11. Hi Mike, Alas, I fear I must defence old George Keay. [ha, ha]. He actually did his full 25 years qualifying service for his City of London Police pension. From 1906 to 1910, he is recorded as being employed but it does not state the type of employment. In the 1911 Census, he is recorded as being a 'Wharf Beatle' and is residing at 277 Tooley Street, in Bermondsey. From 8/8/1914 to 10/9/1915 he returned to 'City of London Police Reserve duties'...….. during the war. After his period of Police reserve duties, he immediately took up a post as the 'Housekeeper' at the Offices at Christ Hospital, at 26 Great Tower Street. 9/4/1917 we know he is still residing at Christ Hospital at 26 Great Tower Street. And George Keay's death certificate, dated 25/2/1923, states he was still employed as the Housekeeper, at Christ Hospital, at 26 Great Tower Street. I know what your are thinking...…….good old George. [ha, ha] Alan.
  12. Hello, It would appear there is a small discrepancy in George Keay's records. The declaration on application to become a City of London Police Constable clearly states that George Keay was 21 years and 1 month old and that his previous employment was with Mr P L Blackmore [chemist] was from October in 1877 to March in 1881 and the declaration was signed on the 2nd of March in 1881. On the other hand, the England Census of 1881 confirms George Keay as being 18 years old and a chemist's assistant and was born in 1863. Other records also appear to support this year of birth. Therefore, either the original City of London Police Declaration should have read ''18 years and 1 month old'' or he told a little white lie about being ''21 years and I month old.'' The declaration is a very official document so I am sure you would have been advised to read the declaration carefully before signing this official document. Maybe George Keay thought the City of London would prefer older and more mature applicants. The copies of these original City of London documents are quite dark in colour and so I don't believe they would photograph well.....so no photographs have been included with this entry. One point I probably should include, is that on the 6th of March in 1902, Police Constable 821 George Keay was given a commendation for his vigilance and intelligence in detecting and arresting 3 men for attempted larceny. Good old George, whatever exact age you were. Alan.
  13. I just noticed a small mistake when George Keay joined the City of London Police on the 7th of April in 1881 he was 21 years and 1 month old so his birth was 1860/61 and his employment dates with the chemist would be slight earlier. That's what I get for doing things later at night. Alan.
  14. Hello, Police Constable 821 George Keay, City of London Police. The reason I have added Police Constable 821 George Keay's story to the thread relating to Police Constable 881 Edward Watkins is because they both served in the City of London Police during approximately the same period and both were awarded the Queen Victorian City of London Jubilee Police medal for 1887 with the 1897 Jubilee clasp. Obviously, Edward Watkins had recently retired from the City of London Police before the 1897 Jubilee Parade through London but the City of London Police and the Metropolitan Police had to temporary re-employ many ex-policemen to supervise and organise this huge event and since Edward Watkins was considered to have been a very good Police Constable, actually completed his pensionable engagement, was quite famous at the time and resided in the area, he would have probably been at the top of the list for re-employment. Police Constable 821 George Keay's medal, is one of the medals, I used to compare to Police Constable 881 Edward Watkins medal. Police Constable 821 George Keay's service with the City of London Police is extremely well evidenced and documented. His personal City of London Police file is available through the London Metropolitan Archives and there is also his original discharge certificate which has survived. George Keay was born in Cheshunt, in Hertfordshire, in 1863. George must have been quite a bright boy because at the age of 14 he was employed by a Mr Peter L. Blackmode [Chemist] as a chemist's assistant from 1877 to 1881. George Keay joined the City of London Police on the 7th of April in 1881 and on a rate of pay of 25 shillings per week. [warrant number 5440] Unfortunately, on the 20th of January in 1885, Police Constable George Keay was found in a Public House whilst on duty and on plain clothes assignment but was admonished with no further action being taken. By the 28th of October in 1886, Police Constable 821 George Keay had achieved the rate of pay for a first class constable of thirty one shilling and six pence per week. On the 14th of June in 1890 George Keay marries Mary Ellen O'Reilly at, 'The Church Most Holy Trinity,' in Bermondsey, in Surrey. They were both from the Catholic religion which is relevant later in the story. Unfortunately, on the 20th of December in 1890, Police Constable 821 George Keay was found guilty of neglecting to report the loss of his helmet and cape and was reduced to 2nd class rate of pay for a period of 6 months. Now to push on.......Police Constable 821 George Keay was obviously a good, solid and reliable Police Constable because when he retired on the 18th of October in 1906 his conduct was classed as, 'very good.' What makes this medal even more special is the other items that belonged to George Keay and which have survived the decades. There is his City of London Police whistle.There are two Catholic religious medals. There is his, 'Key of Heaven Prayer Book' which must have been well used as it has loose pages and is well worn. But the most important item of all and which is extremely rare is Police Constable 821George Keay's ''Discharge Certificate'' from the City of London Police. This vellum document is still enclosed in its original envelope which is approximately eight and a half inches long by one and a half inches wide. It is in extremely nice condition and almost certainly spent most of the time enclosed in the envelope. The document is probably one of the reasons why the different items belonging to Police Constable 821 George Keay have remained together. The point of this story is that when comparing one medal to another ie engraving, patina etc then the comparing/evidencing medals should be of the highest quality possible. regards, Alan.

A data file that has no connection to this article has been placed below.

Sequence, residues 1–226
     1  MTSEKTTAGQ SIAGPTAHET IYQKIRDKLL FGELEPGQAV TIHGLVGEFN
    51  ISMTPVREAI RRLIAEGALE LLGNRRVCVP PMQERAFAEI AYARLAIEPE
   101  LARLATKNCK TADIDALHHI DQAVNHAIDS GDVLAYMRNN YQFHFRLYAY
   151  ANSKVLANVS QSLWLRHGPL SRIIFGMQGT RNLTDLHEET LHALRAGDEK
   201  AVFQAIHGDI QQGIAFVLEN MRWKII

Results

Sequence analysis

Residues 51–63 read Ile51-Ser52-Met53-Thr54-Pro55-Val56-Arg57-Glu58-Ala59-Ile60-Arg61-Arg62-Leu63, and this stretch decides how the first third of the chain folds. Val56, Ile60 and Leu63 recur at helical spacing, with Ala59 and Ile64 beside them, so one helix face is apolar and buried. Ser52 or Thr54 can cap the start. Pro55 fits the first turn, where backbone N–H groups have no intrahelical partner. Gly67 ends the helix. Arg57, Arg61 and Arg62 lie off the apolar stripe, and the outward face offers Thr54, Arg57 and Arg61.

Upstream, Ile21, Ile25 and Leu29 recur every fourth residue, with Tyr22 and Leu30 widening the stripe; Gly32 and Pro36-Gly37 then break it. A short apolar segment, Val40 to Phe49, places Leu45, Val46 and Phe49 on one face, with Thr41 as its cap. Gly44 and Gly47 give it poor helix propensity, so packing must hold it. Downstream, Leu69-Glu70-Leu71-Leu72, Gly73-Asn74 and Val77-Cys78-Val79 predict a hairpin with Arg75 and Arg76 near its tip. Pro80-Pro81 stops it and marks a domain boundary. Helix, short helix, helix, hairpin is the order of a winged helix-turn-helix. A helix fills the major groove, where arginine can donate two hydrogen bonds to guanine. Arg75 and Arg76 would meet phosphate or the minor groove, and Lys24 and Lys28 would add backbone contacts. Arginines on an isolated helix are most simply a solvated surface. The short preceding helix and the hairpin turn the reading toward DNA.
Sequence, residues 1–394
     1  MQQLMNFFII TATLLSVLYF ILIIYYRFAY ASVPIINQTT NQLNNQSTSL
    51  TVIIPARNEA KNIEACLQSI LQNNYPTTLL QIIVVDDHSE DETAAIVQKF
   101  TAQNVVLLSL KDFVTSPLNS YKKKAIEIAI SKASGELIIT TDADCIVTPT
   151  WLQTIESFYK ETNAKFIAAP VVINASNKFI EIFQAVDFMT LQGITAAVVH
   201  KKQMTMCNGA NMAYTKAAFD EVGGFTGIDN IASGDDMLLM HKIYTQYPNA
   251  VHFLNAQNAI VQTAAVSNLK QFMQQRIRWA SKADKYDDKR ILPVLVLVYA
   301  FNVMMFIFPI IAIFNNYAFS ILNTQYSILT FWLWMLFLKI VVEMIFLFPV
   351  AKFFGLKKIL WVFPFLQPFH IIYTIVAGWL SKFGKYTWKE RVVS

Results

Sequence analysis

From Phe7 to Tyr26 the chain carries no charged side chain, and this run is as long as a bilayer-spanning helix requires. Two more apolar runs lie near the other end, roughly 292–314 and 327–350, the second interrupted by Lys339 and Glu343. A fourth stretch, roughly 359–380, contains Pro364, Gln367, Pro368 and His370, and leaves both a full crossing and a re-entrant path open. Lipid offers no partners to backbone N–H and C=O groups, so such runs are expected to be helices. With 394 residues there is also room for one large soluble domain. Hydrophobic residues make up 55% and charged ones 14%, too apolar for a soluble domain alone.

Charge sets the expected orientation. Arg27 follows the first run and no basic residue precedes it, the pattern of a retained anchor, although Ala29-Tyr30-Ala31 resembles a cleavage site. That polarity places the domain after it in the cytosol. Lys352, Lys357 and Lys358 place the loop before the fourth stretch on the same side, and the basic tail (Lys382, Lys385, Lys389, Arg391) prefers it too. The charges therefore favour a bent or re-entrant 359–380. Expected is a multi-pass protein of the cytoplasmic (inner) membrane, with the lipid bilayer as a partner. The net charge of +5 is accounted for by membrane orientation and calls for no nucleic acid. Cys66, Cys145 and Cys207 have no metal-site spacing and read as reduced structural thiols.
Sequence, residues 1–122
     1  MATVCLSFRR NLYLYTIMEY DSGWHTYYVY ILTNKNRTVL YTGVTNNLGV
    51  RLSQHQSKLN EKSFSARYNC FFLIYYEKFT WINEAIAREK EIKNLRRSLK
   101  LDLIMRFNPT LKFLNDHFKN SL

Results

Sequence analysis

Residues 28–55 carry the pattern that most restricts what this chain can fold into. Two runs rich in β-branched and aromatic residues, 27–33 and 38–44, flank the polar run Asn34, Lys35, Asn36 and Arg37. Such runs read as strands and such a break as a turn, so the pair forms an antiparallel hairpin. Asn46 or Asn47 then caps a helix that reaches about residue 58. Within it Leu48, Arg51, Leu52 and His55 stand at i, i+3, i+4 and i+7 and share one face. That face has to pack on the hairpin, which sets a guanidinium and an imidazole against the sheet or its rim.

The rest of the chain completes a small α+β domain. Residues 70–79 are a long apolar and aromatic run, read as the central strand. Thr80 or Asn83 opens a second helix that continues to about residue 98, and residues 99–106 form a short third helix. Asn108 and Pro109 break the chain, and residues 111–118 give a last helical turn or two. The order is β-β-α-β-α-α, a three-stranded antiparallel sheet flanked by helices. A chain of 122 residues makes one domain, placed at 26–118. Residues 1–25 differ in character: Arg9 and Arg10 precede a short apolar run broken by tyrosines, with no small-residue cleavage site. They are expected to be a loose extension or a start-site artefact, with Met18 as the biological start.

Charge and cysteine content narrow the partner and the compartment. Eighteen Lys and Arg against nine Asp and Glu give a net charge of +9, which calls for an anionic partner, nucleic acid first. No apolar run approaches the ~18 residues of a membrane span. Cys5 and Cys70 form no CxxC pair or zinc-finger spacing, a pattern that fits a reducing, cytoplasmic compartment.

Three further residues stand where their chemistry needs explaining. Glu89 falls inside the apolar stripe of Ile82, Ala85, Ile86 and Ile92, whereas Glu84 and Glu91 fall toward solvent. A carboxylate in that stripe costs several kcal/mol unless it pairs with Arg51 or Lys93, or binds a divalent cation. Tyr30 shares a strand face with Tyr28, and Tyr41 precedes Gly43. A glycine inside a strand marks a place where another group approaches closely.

15. Somebody recently said, 'it is hard to imagine there are still important medals out there, after all this time.' They were referring, in general, to the Policemen that served in London during the 1888 period [JTR] and this was an informed observation. I would class myself as an expert, in Police medals from this period, so lets have some fun. I will give you a short story regarding a medal I purchased approximately a year ago which I consider to be an extremely important one. The medal was being sold as part of a small group of 4 Police medals which were all approximately from the same period. The seller was one of the most respected and professional London Auction Houses and has a worldwide reputation and following. [Auction Houses have archives, December 2017 sale refers] The lot/medal could have been viewed at both the preview and completed catalogue stages, on the Auction House site. It would also have been available to view on sites like 'the salesroom.' The lot/medal was on open view to the world for approximately one month and not just to hundreds of collectors and dealers but probably to many thousands of collectors and dealers. To cut a long story short, I purchased the lot/medal without any real opposition, sold off the other medals and kept the important one. This was the Metropolitan Police Coronation medal for 1902 and awarded to, 'Insp. J Helson M divn.' ' Insp. J Helson is :- [a] On the 24th of October in 1887, Detective Sergeant Joseph Henry Helson was promoted to Inspector and transferred to Bethnal Green or 'J' division. Detective Inspector Joseph Helson was in charge of the Bethnal Green C.I.D. At 06.45am on the 31st of August in 1888 Detective Inspector Joseph Helson was notified of Mary Ann 'Polly' Nichols murder, examined her body at the old mortuary, in Old Montague Street and then examined the murder site. Detective Inspector Joseph Helson subsequently took charge of the murder investigation. He attended the inquests and liaised closely with Detective Inspector Abberline especially on the murder of Annie Chapman. [c] Detective Inspector Joseph Helson also had a good team of detectives in Bethnal Green and Detective Sergeant George Godley particularly stood out. This is a relevant point later in this story. There is so much information of Detective Inspector Joseph Helson that it would take too long to list it all so lets cut to the chase. [d] On the 14th of January in 1895, Detective Inspector Joseph Helson retires on pension from Bethnal Green division and the Metropolitan Police. Joseph Helson was 49 years old and had completed 26 years and 10 days in the Metropolitan Police. Joseph Henry Helson and family return to his place of birth and retired in Devon. Joseph Helson was recalled to duty with the Metropolitan Police on the 20th of June in 1902 for the Coronation Parade through London. Inspector Joseph Helson was assigned to Southwark or 'M' division and given the temporary warrant number of 1869. Now somebody will say why did he not serve with Bethnal Green or 'J' division instead of Southwark or 'M' division in 1902. Well there are three reason for this deployment. [a] Firstly, there was an Inspector's vacancy at Southwark or 'M' division. Secondly, Joseph Helson's son Albert Henry Helson was a young detective serving in Southwark or 'M' division at the time. [c] And last but not least, his old colleague and friend Detective Sergeant George Godley, was now Detective Inspector George Godley in charge of the Southwark C.I.D. The moral of the story is that like Edward Watkins and Joseph Henry Helson, there is always the possibility of new finds out there. [The medal was out there and in plain view for the world to see.] regards, Alan.